Social media KPIs should be a part of your marketing plan and be set out based on your wider business and marketing goals.
Let’s dispel this dirty myth that social media can not be quantified right now! It can and it should!
So whether they are to:
- Get in front of a new audience (reach/impressions)
- Increase your newsletter sign ups (referrals/link clicks/ conversions)
- Increase the UGC (mentions/hashtag monitoring)
There is a social media metric you need to be keeping an eye on.
ROE = ROI
We discussed the difference between ROI and ROE in our previous blog 5 Common Social Media Mistakes, and it is true to say that ROI will not happen without ROE.
Because engagement is the only way (unless you have an endless pot of money to spend on social advertising) to increase your ROI. Every social network now has algorithms akin to Google. Engagement equates to more views, a larger reach and growth in fans and followers. Increasing interaction on your social media accounts will result in more people becoming part of your ‘tribe’ and visiting your website. If your site is what they thought it would be there, your ROI should start to rack up.
With this in mind and presuming that one of your key social media KPIs is to get more people to take action on your site, then here is the top analytics to report on each month.
KEY SOCIAL MEDIA KPIs
Engagement rate (month on month & year on year)
This is key. Look at what your engagement rate is a total, then look at which tweets are not performing, to try and get this up. There are many reason tweets may not be performing. A few of the main reasons are:
- Poor content
- No hashtags
- No images/videos
- Wrong time of day
- Not right for your audience/platform
So just because it didn’t perform the first time, try it again with suitable changes and see if it works.
Also take note of the tweets that perform well and see if you can replicate or improve on them.
Are there particular days that seem to be key for you? If so make sure you are always there and capitalise on it.
Are you attracting your target audience? If you are not getting many referrals to your site, it could be that you are not speaking to the right people. If this is the case, wrong on the updates you send out, the hashtags you use and even put a small budget towards growing the audience your business should be targeting.
Reach is the number of unique accounts that have seen your posts.
All things being ‘normal’ this should increase if you are improving your content each time you post. Take note of key periods of the year when you expect a dip. When the dips happen, refer to previous years and check that it is still an improvement. If not, take a look at the posts and see what may not have worked.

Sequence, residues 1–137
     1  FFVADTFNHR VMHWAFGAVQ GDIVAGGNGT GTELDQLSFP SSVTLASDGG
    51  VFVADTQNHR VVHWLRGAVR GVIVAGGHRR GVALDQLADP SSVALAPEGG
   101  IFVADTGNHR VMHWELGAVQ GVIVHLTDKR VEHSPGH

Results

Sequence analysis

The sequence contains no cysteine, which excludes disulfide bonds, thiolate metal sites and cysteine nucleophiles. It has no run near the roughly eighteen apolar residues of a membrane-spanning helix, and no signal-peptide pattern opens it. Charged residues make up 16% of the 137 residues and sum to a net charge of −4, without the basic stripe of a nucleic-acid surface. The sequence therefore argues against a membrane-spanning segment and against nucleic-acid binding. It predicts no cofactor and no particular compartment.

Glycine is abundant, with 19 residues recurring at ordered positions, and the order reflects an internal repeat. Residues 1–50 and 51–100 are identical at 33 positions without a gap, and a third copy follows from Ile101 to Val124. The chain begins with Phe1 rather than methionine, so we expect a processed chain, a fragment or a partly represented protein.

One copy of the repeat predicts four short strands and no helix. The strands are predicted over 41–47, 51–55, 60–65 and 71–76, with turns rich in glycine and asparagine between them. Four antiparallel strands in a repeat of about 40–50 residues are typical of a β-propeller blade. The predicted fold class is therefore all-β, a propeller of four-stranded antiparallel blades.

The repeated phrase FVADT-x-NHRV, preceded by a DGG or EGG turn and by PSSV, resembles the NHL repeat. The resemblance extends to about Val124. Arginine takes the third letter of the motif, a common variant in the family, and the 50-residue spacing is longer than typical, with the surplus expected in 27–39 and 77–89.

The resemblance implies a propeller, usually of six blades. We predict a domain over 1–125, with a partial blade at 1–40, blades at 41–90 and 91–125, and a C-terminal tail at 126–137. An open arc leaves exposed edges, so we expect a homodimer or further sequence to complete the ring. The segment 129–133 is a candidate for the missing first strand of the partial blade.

Analyse what went well and what didn’t work as well as hoped. As we mentioned previously, it doesn’t mean that that post will never work, it just may need a rethink.
In this area, you can also see what days and times your peak audience is on. Use this knowledge to your advantage to increase the chances of engagement!
As mentioned previously it is important to measure that if these new likes you are getting are relevant and going to result in ROI. Which town, cities or countries are you targeting? Are you gender or age specific?
You can only see analytics if you have switched your Instagram account to a business one!
Similar to Facebook (well they part of the same family) reach and top posts would be the top metrics to analyse. Impressions and profile views would also be useful social media metrics to report on as well as keeping an eye on your audience make-up and what day/time they are on the platform.
Social media KPIs for campaigns
Other than using the metrics above you can monitor the success of individual campaigns using a few other performance indicators.
Most platforms monitor how many link clicks you have had, but they don’t always tell you when or on what content. Your Google Analytics can help narrow down which social media networks have referred traffic, but again this doesn’t suggest which link that may have been.
To monitor separate campaigns utilising a service such as bit.ly can allow you to see exactly which update has referred traffic. For example, you want to encourage people to sign up to your social media training courses, in bit.ly you create a unique URL to use for twitter (http://bit.ly/TFGTraining) you then look at bit.ly throughout the campaign to see what the click rate is and how you can improve the updates to increase this.
You can lead a horse to water…If you are getting a lot of clicks but not many conversions, take a look at the performance of your web page. Your social media efforts could be wasted if you are sending your audience to an unresponsive, poorly designed and written page (just saying).
The reach of posts that are part of the campaign. Did they hit new relevant audiences? Did they get the results you wanted?
Mentions, comments, replies retweets and ‘quotes’, did your tribe grow and support your campaign the way you had hoped?
If you used a hashtag for your campaign did everyone pick it up? Did they know how to use it and implement it as you had hoped? By setting up a tool such as Keyhole (there is a free version) your business can capture all this data to analyse throughout and at the end of the campaign.
So there you have it.
A few examples of the social media KPIs that businesses should be monitoring alongside the vanity metrics such as follower numbers. The key to success is to review these metrics monthly and use the data to learn what to do going forward.